I don’t visit Facebook to feel worse about myself. And, as I’ve already mentioned, judgment is an easy response when you’re surfing your news feed. However, the bigger problem for me in particular is not the judgment so much as the time I spend doing all that judging and comparing. I don’t visit Facebook to feel worse about myself, but as inevitable as visiting an all-you-can-eat buffet, I walk away from each session clutching a swollen gut and regretting the trip.

It’s because time spent on Facebook is rarely time well spent. We have only a limited amount of time each day to do the things we love – the things that we find important and worthwhile. After nine years on Facebook, I’m not convinced that any of the thousand or so hours I have spent on the site qualifies as productive or rewarding. I’m not against just taking a break and paddling out for a relaxed surf in cyberspace, but I never come away from Facebook feeling rested or recharged. Mostly, I feel drained, scattered, and sometimes even more stressed than before I logged in.

Yet I keep going back for more. And that’s because…

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#5 – It’s Addictive

…and that’s the part that makes all my other problems with Facebook so difficult to solve.

It’s also a reminder that Facebook itself isn’t really at fault at all. The fault lies with me. My behavior is what wastes time, lapses judgment, drains my desire for personal interaction, and makes me a selfish, self-seeking person. That’s the nature of an addiction. Some people can’t drink. Some can’t gamble. Some can’t eat just one doughnut. As for me, I’ve learned that I can’t “do” Facebook.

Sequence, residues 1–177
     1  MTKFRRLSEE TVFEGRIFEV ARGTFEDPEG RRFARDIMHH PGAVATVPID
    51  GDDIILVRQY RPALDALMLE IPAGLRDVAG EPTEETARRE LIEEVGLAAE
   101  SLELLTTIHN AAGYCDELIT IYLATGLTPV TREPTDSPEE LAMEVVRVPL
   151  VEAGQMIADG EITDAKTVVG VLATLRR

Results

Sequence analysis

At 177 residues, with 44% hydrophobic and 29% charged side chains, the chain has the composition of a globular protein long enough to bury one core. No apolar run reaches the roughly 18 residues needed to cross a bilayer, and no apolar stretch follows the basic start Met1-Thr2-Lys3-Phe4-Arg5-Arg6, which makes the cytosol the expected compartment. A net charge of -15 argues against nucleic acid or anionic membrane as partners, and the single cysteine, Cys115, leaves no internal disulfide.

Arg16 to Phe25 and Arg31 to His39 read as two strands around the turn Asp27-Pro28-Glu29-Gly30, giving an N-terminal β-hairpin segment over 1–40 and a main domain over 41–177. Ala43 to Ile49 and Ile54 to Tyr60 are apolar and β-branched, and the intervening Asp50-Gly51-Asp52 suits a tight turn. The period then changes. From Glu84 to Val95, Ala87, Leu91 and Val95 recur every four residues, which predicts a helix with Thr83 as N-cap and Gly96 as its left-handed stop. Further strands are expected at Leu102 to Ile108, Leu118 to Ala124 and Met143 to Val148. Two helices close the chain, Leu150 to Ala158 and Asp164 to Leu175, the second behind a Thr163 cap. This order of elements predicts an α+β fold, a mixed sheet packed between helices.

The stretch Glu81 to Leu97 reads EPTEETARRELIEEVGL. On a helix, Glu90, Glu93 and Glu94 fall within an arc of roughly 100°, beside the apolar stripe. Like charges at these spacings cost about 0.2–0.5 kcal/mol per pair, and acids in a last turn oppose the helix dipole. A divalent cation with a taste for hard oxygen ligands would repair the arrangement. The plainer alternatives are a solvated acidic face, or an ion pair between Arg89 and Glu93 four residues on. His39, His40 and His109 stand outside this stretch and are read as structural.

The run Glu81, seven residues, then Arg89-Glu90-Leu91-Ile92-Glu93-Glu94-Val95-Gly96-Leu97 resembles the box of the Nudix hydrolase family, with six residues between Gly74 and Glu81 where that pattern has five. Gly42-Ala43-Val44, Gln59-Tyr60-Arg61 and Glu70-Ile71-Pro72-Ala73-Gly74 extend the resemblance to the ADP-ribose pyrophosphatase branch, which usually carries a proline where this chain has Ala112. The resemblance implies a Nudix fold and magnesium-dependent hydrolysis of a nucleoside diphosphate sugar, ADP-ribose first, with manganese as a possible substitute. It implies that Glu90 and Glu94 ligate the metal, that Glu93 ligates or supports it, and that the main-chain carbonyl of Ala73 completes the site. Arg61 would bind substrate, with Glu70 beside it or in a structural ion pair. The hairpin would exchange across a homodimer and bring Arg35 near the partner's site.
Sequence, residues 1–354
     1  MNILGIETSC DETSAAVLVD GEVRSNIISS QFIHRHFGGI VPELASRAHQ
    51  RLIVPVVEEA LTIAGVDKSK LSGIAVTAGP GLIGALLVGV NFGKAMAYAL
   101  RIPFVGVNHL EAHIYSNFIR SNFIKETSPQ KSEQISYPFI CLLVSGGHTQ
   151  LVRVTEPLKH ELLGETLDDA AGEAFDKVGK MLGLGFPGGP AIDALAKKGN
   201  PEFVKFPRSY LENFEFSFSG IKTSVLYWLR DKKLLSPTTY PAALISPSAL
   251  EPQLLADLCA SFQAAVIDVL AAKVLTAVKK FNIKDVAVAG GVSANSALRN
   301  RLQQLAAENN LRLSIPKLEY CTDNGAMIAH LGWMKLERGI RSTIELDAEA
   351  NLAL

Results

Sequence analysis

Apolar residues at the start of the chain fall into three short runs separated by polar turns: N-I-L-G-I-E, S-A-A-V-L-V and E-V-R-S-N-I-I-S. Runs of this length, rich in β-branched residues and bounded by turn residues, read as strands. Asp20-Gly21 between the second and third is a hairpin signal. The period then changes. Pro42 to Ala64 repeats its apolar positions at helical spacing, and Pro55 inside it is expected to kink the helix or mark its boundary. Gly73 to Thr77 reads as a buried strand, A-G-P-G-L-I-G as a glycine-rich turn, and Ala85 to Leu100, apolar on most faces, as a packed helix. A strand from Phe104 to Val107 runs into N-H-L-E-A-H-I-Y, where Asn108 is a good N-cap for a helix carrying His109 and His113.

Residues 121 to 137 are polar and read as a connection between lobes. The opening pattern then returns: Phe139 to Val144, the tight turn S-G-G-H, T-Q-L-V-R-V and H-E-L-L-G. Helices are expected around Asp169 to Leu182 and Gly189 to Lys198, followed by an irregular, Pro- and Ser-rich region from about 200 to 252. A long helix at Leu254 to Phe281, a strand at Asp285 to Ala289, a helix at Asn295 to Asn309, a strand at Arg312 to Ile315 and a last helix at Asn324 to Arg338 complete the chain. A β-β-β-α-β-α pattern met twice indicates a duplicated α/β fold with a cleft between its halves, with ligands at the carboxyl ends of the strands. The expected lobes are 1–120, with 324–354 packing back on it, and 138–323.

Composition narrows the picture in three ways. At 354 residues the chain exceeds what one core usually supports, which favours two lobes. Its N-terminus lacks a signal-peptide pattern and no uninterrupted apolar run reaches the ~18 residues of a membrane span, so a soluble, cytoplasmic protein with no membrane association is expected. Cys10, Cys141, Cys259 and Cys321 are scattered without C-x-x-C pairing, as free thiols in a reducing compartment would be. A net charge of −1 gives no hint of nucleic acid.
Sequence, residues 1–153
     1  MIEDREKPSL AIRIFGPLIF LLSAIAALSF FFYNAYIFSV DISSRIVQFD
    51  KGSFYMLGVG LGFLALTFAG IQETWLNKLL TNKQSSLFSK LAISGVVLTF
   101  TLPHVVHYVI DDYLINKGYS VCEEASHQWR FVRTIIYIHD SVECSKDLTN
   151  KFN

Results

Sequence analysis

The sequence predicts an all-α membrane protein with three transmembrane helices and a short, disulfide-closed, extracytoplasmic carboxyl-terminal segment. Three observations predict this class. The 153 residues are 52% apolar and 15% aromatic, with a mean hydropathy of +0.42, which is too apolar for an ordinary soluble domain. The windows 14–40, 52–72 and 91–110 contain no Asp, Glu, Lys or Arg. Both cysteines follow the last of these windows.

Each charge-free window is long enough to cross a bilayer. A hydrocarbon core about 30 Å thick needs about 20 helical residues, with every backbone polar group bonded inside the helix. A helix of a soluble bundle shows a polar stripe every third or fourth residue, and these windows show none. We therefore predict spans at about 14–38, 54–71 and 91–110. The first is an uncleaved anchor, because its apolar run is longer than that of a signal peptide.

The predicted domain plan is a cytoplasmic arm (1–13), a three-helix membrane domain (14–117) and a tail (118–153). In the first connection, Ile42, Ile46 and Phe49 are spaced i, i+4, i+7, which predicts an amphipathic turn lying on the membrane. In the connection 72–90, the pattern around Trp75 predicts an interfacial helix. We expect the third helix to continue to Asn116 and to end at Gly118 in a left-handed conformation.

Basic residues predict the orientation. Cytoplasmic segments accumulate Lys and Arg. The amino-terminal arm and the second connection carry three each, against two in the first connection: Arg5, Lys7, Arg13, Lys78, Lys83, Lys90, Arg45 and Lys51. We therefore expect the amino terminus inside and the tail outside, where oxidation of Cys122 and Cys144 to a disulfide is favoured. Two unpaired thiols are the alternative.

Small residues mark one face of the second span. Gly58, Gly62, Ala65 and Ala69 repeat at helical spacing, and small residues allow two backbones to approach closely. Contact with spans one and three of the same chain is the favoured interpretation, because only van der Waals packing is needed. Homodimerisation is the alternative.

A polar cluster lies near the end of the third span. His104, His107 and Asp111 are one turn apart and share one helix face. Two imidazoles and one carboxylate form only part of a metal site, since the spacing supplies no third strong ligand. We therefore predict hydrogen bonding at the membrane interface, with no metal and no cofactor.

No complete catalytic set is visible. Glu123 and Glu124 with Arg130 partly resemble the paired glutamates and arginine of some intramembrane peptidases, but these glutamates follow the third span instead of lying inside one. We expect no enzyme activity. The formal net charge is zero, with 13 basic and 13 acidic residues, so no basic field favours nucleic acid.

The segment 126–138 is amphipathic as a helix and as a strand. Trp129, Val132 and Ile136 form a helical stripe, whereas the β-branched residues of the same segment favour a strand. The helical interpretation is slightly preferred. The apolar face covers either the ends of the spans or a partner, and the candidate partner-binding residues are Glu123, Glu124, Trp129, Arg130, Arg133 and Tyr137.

It’s a privilege to have so much information about so many people right at our fingertips, and yet very few of us sip at it like it’s a fine wine. Instead, we gorge ourselves like it’s Ladies Drink Free night at the local bar & grill.

The first step in AA and NA and most other recovery programs is admitting that we are powerless over our addictions and that the result of giving in to them has resulted in our lives becoming unmanageable. Such is the case with my unhealthy marriage to Facebook. It may seem a bit dramatic, but I believe my life has become harder and harder to manage lately. While I can’t blame Facebook for all my problems and hangups, I do know that every minute spent on Facebook is a minute lost – a moment I’ll never have back and one that will not bring me healing or wholeness. Mostly, though, every bit of time I give to Facebook leaves less time for me to do what I love – hang out with a friend, read a novel, write a short story, play with my kids, talk with my real wife. And, God help me, I want more of that. A lot more.